True to his word, Prime Minister Justin Trudeau appointed women to 15 positions in his cabinet, making up half of the total of his 31-person cabinet (including himself).
One early announcement was Dr. Jane Philpott — a family physician and associate professor at the University of Toronto — as Minister of Health, but some of the more interesting choices include changes in titles, including amending "Minister of the Environment" to "Minister of the Environment and Climate Change" and "Minister of Labour" to "Minister of Employment, Workforce Development, and Labour." This slight difference in wording indicates where the prime minister's priorities will differentiate from his predecessor.
Jody Wilson-Raybould, the newly appointed minister of justice and attorney general of Canada, is the first Aboriginal justice minister in the history of the country.
Following his swearing-in ceremony Wednesday, Trudeau answered questions from the media, including one about why having a gender-balanced cabinet was so important to him.
He replied: "Because it's 2015."
Take a look at the women appointed to Trudeau's cabinet here. Story continues below:
Minister of Justice and Attorney General of Canada Wilson-Raybould is a former Crown prosecutor and regional chief of the B.C. Assembly of First Nations.
Minister of Indigenous and Northern Affairs A family physician who has been an MP since 1997, Bennett was Canada's first minister of state for public health and oversaw the 2003 response to the SARS epidemic. In recent years, Bennett has served as the party's vocal critic on aboriginal affairs.
Government House Leader and Minister of Small Business and Tourism Chagger, 36, worked for the Kitchener-Waterloo Multicultural Centre. She also worked on Trudeau's leadership campaign.
Minister of Public Services and Procurement An MP since 2008, and the party whip, Foote previously held several cabinet portfolios in Brian Tobin's provincial government.
Minister of International Trade An MP since 2013, Freeland was courted by Trudeau's team when she was a senior editor at Thomson Reuters in New York City.A Rhodes scholar, she is a well-known author and journalist. She was part of Trudeau's team of economic advisers.
Minister of Health Philpott is a family physician, associate professor at the University of Toronto, and former chief of the department of family medicine at Markham Stouffville Hospital.
Minister of International Development and La Francophonie Bibeau worked for the Canadian International Development Agency (CIDA) in Ottawa, Montréal, Morocco and Benin, Africa, before settling and launching her own business in her riding.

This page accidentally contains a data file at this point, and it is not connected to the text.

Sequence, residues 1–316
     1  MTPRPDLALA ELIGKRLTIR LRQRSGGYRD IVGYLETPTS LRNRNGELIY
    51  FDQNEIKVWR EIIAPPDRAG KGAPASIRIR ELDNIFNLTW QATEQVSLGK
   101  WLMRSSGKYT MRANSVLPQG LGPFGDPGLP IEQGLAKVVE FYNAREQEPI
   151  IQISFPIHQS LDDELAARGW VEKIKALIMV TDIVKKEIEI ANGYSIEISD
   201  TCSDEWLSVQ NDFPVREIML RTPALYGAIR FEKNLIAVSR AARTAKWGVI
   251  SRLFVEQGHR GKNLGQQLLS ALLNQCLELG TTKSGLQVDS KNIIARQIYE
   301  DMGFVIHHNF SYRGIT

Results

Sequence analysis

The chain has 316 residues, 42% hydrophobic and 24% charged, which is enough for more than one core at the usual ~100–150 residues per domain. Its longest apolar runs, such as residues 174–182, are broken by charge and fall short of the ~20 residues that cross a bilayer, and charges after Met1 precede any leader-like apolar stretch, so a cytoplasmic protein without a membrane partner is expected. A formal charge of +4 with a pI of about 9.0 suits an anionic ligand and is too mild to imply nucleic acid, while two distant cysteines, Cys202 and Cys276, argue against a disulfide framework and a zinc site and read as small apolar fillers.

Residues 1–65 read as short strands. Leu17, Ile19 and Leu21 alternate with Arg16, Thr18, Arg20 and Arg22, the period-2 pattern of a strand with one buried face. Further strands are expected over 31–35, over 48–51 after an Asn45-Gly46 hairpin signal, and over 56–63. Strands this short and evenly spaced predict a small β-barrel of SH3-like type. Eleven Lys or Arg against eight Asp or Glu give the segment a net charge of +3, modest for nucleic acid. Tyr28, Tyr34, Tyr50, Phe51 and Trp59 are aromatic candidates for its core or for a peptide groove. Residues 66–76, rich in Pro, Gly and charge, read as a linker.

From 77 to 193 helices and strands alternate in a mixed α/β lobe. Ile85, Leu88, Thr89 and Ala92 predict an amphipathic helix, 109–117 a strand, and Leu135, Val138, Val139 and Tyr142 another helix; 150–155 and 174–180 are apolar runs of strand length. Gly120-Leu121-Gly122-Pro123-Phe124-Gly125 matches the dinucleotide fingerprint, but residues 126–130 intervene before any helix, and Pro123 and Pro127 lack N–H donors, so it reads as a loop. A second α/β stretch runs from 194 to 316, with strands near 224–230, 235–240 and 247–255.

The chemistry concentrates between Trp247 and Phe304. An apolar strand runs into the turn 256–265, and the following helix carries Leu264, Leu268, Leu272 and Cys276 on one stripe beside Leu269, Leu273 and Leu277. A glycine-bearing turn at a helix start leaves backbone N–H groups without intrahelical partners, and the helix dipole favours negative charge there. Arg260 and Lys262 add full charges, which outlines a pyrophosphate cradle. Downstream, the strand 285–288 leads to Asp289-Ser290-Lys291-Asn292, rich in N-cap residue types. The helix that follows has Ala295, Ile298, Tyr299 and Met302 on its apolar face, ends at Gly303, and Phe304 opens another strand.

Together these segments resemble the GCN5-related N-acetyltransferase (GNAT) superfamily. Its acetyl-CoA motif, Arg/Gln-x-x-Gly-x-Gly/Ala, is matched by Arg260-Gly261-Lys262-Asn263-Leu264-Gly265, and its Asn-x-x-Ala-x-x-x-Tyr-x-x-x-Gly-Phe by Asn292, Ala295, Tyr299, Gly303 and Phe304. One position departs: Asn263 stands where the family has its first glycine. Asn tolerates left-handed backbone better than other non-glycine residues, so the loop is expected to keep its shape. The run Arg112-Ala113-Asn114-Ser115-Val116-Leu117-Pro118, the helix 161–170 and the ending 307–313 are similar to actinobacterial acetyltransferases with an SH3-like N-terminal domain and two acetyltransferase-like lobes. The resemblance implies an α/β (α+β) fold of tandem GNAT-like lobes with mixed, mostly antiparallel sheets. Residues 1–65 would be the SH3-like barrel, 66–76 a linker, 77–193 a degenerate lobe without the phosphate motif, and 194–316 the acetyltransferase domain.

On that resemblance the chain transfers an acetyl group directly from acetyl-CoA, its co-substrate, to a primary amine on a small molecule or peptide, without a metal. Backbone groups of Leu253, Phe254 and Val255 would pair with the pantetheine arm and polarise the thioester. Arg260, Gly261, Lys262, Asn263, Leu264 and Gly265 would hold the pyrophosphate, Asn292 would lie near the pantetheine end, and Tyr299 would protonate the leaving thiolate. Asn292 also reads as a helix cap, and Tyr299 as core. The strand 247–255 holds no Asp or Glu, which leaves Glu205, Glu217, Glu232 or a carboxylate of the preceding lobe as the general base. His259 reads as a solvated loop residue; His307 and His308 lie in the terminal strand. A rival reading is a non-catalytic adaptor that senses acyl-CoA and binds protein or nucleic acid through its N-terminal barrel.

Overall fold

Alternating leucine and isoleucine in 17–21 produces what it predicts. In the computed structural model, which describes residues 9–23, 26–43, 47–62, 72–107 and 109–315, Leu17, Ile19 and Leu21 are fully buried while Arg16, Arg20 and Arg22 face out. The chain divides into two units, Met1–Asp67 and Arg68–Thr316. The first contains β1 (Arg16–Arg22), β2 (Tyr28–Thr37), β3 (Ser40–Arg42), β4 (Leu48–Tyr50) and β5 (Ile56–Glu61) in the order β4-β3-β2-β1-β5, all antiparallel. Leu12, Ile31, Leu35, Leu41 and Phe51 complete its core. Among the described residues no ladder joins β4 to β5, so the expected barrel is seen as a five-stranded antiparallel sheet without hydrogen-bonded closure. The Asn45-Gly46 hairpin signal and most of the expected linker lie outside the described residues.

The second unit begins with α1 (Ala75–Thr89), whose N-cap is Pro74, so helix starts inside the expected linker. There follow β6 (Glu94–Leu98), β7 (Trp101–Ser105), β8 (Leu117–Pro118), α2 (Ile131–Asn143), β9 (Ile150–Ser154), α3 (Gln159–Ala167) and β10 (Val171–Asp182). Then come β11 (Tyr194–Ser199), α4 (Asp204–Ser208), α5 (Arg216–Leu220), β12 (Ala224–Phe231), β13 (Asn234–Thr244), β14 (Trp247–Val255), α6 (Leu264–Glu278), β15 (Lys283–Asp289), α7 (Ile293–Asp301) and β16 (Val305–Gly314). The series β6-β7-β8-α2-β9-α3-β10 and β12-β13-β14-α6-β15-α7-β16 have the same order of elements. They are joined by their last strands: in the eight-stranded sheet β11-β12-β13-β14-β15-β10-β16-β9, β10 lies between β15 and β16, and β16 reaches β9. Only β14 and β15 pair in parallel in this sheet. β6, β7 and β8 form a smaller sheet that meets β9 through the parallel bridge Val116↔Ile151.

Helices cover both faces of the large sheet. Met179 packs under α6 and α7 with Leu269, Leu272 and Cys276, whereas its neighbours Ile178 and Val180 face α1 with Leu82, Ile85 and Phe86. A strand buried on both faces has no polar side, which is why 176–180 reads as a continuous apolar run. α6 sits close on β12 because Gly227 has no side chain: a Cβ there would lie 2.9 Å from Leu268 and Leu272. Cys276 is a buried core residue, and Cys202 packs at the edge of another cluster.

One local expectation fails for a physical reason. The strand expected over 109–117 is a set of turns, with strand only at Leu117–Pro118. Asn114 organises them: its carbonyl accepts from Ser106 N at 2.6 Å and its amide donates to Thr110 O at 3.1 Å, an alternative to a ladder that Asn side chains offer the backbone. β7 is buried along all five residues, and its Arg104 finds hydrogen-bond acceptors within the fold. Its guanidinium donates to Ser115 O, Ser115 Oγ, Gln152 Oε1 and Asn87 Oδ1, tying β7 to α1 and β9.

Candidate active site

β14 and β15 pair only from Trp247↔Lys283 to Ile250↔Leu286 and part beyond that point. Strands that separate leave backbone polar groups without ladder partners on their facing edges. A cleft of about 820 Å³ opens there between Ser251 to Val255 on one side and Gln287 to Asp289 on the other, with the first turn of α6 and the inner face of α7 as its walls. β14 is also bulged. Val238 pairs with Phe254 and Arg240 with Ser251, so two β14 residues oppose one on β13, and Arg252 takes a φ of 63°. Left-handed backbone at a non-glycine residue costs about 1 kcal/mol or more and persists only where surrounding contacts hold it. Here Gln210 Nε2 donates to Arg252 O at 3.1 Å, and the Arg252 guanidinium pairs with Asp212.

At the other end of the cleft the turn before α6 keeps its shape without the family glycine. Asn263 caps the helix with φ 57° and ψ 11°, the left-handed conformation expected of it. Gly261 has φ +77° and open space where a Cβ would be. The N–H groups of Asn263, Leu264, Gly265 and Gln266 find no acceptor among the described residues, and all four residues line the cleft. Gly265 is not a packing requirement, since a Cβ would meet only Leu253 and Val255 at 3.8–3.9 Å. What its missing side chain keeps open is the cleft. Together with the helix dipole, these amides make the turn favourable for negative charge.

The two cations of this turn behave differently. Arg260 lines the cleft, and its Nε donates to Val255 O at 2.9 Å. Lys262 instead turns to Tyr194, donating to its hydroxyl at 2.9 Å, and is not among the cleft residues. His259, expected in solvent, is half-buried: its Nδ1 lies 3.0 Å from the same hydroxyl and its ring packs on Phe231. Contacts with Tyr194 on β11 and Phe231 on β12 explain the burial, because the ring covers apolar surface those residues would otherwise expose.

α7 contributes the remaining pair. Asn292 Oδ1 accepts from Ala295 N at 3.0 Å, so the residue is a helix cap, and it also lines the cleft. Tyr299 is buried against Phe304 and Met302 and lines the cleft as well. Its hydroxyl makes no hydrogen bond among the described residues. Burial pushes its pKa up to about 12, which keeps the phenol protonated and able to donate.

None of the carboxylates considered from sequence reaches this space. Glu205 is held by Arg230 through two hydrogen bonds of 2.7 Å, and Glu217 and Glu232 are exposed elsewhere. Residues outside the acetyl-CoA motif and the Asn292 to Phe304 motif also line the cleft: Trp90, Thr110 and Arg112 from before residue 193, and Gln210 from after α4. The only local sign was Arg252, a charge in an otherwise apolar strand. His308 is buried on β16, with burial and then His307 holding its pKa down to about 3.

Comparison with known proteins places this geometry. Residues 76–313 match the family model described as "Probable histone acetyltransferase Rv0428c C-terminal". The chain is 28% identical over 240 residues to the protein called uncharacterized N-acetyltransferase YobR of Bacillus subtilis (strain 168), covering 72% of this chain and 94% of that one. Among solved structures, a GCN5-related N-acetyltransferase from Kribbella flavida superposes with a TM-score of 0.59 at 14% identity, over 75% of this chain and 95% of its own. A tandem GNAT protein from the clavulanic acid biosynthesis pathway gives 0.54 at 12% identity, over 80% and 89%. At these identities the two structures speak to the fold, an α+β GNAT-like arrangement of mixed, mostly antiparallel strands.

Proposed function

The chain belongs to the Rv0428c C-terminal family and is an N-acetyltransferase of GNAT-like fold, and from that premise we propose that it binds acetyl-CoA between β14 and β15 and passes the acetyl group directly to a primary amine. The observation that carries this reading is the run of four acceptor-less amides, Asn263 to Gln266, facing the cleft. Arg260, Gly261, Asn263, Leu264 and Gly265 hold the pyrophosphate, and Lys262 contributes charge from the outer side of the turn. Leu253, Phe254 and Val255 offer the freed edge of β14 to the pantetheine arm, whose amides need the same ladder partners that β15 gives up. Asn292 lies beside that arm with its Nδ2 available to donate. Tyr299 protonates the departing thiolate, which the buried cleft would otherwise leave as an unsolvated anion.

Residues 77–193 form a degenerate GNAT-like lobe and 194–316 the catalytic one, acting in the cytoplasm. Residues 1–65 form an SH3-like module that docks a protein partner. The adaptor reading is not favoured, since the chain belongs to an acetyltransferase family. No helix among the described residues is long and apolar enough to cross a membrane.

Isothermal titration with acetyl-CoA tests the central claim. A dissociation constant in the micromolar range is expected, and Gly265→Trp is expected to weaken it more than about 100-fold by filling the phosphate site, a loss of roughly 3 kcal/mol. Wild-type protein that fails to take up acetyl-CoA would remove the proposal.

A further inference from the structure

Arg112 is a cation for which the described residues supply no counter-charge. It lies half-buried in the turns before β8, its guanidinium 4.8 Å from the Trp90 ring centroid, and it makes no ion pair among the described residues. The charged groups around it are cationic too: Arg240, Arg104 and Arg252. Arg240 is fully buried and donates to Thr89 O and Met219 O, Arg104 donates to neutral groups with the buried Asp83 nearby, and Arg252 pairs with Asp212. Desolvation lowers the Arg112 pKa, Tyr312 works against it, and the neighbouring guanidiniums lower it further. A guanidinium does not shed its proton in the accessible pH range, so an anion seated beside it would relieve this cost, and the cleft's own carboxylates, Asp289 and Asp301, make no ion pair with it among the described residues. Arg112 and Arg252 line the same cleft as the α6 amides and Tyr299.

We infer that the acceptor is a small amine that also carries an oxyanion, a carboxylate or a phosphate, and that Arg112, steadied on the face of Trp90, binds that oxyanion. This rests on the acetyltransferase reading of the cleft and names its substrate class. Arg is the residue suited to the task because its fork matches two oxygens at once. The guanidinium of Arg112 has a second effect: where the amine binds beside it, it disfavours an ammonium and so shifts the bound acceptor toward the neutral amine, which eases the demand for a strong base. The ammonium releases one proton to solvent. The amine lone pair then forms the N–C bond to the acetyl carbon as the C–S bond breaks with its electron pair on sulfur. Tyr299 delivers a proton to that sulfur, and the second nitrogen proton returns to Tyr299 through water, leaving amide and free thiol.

Minister of Canadian Heritage Joly, 36, made a name for herself by finishing second to ex-Liberal cabinet minister Denis Coderre in the Montreal mayoral race in 2013. She's a lawyer and communications expert.
Minister of National Revenue A small business owner who has been an elected warden for the Regional County Municipality of Rocher Percé since 2010, Lebouthillier won a seat in Gaspé that the Liberals haven't held in more than a decade.
Minister of the Environment and Climate Change McKenna, a human rights lawer, was a former legal adviser for the United Nations peacekeeping mission in East Timor and founded Canadian Lawyers Abroad (now known as Level), a charity focused on global justice issues.
Minister of Employment, Workforce Development, and Labour Mihychuk was an NDP MLA in Manitoba from 1995 to 2004, serving as minister of industry, trade, and mines, and later minister of intergovernmental affairs. She ran an unsuccessful Winnipeg mayoral campaign in 2004.
Minister of Democratic Institutions Monsef, a community organizer, was born in Afghanistan. She fled the Taliban and came to Canada as a refugee with her widowed mother and sisters in 1996.
Minister of Sport and Persons with Disabilities Qualtrough is a lawyer and former Paralympian. Legally blind, she won three Paralympic and four World Championship medals for Canada in swimming and was president of the Canadian Paralympic Committee.
Minister of Science Elected in 2008, Duncan taught meteorology, climatology, climate change, and medical geography at the university level.
Minister of Status of Women Hajdu was executive director of Thunder Bay's largest homeless shelter.
Trudeau's decision to emphasize gender parity in his cabinet was controversial, with many columns and broadcasts debating the decision in recent days.
Of the 184 Liberals appointed to office, 50 of them (or 27 per cent) were female.
The terms "merit" vs. "tokenism" has been on the tips of many people's tongues, with National Post columnist Andrew Coyne stating, "So far as we are putting representationalism before ability, we are also asking the country’s interests to take a back seat."
But from the perspective of one who's been there — Frances Lankin, who served in three cabinet posts in Bob Rae's Ontario government — a diverse cabinet can only be beneficial to the nation.
“These are very strong, able, capable women,” she told Metro News. “They will make their mark. Some will soar to the highest heights of competency, recognition and accomplishment — just as some men — and there will be some who turn out not to be so apt at the job — just as some men .. If there is any talk of tokenism, it will disappear.”
The Liberal government
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